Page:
Which is what makes Leonardo DiCaprio an interesting name. He hasn't really starred in any major franchises. In fact, he's predominantly been the poster boy for fun Oscar movies (trust me, he is) over the past 15 years. He makes a fraction of what Downey Jr. or Lawrence makes in their franchise films. Yet, he is without a doubt the last of the movie star mold. He may not be the greatest actor, nor does he seem like the type to bring in the big bucks. However, I defy you to think of how DiCaprio is not a movie star. If one is to simply go off the notion that an actor turns a profit on a movie because of his name, then he very well may be a strong candidate for this category.
|DiCaprio in Titanic|
To backtrack, there are a lot of household name actors that could possibly qualify as turning profit because of name. Yet, it is difficult to think of one who draws as much attention for the smaller films in their resume. For instance, Johnny Depp is arguably among the most iconic working actors. You'll definitely turn out to see him in any Pirates of the Caribbean sequel. However, current trends show that he isn't capturing the interest elsewhere. Even if his latest, Black Mass, remains an exception to the rule, one can look at a few films from the past five years (The Lone Ranger, Mortdecai) and find evidence that he's not as much of a draw as he used to be. True, he likely could draw almost a guaranteed billions from his collaborations with Tim Burton, but his recent output has shown that he's at least waning. Even Lawrence isn't without her faults. Her film Serena bombed just earlier this year. You likely didn't even know it existed. Yes, she did over $250 million on 2013's American Hustle, but that's arguably thanks to an ensemble than her individual effort.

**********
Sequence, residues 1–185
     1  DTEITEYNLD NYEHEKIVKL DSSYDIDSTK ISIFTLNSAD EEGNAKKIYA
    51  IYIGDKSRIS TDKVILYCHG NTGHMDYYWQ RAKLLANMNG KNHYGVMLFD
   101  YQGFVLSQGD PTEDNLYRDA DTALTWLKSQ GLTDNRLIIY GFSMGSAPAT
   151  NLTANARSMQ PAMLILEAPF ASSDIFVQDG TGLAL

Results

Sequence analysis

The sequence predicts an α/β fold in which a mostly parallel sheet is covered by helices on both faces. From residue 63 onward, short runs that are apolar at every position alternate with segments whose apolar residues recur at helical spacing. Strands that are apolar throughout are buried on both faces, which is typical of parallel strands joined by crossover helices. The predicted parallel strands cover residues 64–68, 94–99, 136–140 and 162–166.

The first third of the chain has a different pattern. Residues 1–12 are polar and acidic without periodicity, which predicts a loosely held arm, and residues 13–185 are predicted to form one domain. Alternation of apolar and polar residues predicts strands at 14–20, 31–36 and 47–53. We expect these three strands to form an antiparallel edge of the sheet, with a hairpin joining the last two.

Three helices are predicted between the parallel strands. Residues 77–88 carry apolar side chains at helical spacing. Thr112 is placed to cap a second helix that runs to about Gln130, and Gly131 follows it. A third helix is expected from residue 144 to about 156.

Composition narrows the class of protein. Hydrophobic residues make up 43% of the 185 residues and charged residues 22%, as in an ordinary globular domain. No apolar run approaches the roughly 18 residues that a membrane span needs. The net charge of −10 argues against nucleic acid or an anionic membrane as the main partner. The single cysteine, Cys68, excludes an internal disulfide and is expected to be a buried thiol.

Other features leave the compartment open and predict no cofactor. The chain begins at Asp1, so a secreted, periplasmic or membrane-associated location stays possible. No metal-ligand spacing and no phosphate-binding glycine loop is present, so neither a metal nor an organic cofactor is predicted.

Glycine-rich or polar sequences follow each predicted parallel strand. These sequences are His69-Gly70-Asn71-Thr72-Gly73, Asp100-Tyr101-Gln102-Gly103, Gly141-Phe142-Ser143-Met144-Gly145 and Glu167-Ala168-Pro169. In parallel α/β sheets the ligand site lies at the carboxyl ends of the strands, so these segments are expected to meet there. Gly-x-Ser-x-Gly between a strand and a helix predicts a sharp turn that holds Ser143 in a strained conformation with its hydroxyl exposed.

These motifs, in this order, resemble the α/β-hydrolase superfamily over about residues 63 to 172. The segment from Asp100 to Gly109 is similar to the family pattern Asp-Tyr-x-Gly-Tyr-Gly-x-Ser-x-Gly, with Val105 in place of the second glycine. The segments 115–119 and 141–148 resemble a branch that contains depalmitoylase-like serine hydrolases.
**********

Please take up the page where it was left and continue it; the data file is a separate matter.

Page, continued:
What makes DiCaprio a particularly interesting case is that he doesn't seem to need franchises to promise success. His big movie this year is The Revenant, which itself looks like a big gamble for director Alejandro Gonzalez Inarritu. He has been mastering the Christmas Day movie release for sometime. Before this year, he's had three films open on this date (The Aviator, Django Unchained, and The Wolf of Wall Street), and all have grossed over $100 million in just national grosses. This isn't to discredit the rest of the year, which includes big films such as The Great Gatsby, Shutter Island, and Inception. Even if he doesn't gross the highest, he definitely has consistently released original films that warrant name recognition.